MCPS orders teachers to change passwords
Montgomery County school officials are ordering all employees to create new computer passwords after students hacked into the computers at Churchill High School to change grades.
The Montgomery County Parents’ Coalition, tireless watchdogs of the Weast administration, have obtained an e-mail sent to all employees in the school system from from Chief Technology Officer Sherwin A. Collette, with a subject line that says: ACTION REQUIRED: Network Security Measures
The e-mail reads in part:
“This is to notify you that over the next few days all employees will be prompted to change their password when logging on to their Montgomery County Public Schools (MCPS) computer. This password is the same as your Outlook password. All passwords used to log on to MCPS computers will expire by Wednesday, February 10, 2010. It is important that you follow the instructions on the screen when prompted to change your password. Your new password should be at least eight characters long and contain at least one capital letter and one number. These new guidelines strengthen your password and are consistent with mandatory password requirements that had been scheduled to begin in March 2010 for all current employees. Please see Attachment A to view instructions for changing your password. Along with the new password formatting requirements, employees will be required to change their passwords at least every 120 days. At any time, if you believe your password has been compromised, you should change it immediately and notify your supervisor.”
It turns out that the Churchill incident wasn’t the only time in recent months that kids have hacked into school computers in the county; at Whitman High School, the student newspaper black&white reported on Sept. 30, 2009, that a student had broken through the security barriers on Whitman’s Pinnacle grading system and changed some grades.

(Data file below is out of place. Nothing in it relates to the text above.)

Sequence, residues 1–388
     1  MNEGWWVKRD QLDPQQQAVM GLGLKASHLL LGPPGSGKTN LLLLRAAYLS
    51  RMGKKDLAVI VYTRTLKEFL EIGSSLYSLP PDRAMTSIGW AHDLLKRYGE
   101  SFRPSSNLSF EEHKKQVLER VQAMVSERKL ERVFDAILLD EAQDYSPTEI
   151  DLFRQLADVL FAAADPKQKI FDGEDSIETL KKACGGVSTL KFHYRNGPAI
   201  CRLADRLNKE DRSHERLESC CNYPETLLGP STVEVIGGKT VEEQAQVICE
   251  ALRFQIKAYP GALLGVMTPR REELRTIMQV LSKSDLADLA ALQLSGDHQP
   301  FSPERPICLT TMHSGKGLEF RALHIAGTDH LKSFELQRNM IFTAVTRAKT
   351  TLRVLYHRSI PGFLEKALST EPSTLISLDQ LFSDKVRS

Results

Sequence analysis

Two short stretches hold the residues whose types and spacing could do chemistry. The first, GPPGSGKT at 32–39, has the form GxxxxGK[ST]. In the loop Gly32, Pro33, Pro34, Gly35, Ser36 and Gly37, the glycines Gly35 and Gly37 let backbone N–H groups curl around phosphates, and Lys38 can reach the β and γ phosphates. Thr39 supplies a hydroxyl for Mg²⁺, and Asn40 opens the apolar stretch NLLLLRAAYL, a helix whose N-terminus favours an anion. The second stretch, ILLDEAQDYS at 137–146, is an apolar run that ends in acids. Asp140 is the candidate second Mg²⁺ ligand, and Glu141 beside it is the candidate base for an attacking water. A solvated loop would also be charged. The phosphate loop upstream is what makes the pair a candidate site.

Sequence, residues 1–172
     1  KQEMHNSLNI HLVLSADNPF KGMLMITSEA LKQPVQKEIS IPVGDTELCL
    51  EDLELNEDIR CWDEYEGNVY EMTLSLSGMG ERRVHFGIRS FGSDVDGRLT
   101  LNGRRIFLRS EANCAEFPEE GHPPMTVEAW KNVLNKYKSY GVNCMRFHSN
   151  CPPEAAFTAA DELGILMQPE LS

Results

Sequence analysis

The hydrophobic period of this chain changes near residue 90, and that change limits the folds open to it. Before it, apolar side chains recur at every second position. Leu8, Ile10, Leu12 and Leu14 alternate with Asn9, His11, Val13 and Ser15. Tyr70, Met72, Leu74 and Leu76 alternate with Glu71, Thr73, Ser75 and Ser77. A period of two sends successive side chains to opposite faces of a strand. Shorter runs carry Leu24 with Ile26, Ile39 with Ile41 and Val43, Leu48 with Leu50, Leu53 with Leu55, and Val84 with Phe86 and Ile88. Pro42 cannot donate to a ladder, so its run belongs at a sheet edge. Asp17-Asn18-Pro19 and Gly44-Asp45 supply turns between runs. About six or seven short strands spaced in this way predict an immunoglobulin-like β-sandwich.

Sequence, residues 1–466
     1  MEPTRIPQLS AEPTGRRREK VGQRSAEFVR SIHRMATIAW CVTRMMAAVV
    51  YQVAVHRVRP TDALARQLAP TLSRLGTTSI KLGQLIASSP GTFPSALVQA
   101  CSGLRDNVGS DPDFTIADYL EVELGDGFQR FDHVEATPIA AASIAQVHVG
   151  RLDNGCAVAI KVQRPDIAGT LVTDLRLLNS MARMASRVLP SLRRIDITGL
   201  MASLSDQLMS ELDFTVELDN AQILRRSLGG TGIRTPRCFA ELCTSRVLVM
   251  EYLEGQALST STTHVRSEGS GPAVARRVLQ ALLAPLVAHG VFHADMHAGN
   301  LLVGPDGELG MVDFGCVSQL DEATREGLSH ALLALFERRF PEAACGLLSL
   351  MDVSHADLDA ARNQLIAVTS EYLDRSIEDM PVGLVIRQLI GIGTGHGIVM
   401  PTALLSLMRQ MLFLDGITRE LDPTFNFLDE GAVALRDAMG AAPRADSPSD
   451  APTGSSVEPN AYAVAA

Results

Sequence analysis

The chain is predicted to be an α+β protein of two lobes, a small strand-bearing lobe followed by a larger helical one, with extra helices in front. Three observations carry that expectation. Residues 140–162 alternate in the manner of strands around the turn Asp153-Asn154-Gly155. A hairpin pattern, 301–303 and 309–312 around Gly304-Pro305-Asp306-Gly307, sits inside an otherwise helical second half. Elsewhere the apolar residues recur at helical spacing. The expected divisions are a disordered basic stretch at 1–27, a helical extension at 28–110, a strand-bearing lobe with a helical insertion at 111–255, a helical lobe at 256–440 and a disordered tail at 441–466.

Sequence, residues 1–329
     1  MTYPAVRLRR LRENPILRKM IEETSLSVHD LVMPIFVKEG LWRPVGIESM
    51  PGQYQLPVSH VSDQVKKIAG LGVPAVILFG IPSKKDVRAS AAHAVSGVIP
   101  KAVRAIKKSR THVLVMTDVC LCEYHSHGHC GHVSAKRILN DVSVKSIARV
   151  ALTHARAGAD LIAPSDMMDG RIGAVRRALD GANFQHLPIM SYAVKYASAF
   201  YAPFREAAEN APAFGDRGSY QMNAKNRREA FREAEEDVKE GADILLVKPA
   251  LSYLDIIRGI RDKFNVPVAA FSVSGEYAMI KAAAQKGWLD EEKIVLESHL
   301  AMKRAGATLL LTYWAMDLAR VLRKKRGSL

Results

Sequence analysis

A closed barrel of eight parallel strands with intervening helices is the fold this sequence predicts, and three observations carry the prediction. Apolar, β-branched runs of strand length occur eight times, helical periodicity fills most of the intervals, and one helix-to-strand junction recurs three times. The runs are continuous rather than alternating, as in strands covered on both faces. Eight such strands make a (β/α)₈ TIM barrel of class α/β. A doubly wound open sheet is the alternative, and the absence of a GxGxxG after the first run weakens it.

That story quoted assistant principal Jennifer Webster as saying that officials were using the incident to tighten up security on the system. In this case, Webster said, the student did not get into the system through a staff member’s network account.
The story said the student was disciplined “accordingly.” I asked district officials what action was taken against the student but haven’t yet heard back. It seems to me that kids who hack into a school's computer system ought to be expelled from the school. (Do you agree?)
At Churchill, my colleagues Michael Birnbaum and Jenna Johnson reported that about a half-dozen students appear to be involved in the hacking scheme, which, officials said, may have involved the installation of equipment on teachers’ computers that could obtain the passwords used to access the online grading system.
I initially thought the kids who did this must be pretty clever, but I’ve been disabused of that notion; YouTube offers users their pick of videos on how to hack into a school computer.
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| February 4, 2010; 12:30 PM ET
Categories: Montgomery County Public Schools | Tags: computer hacking, montgomery county public schools
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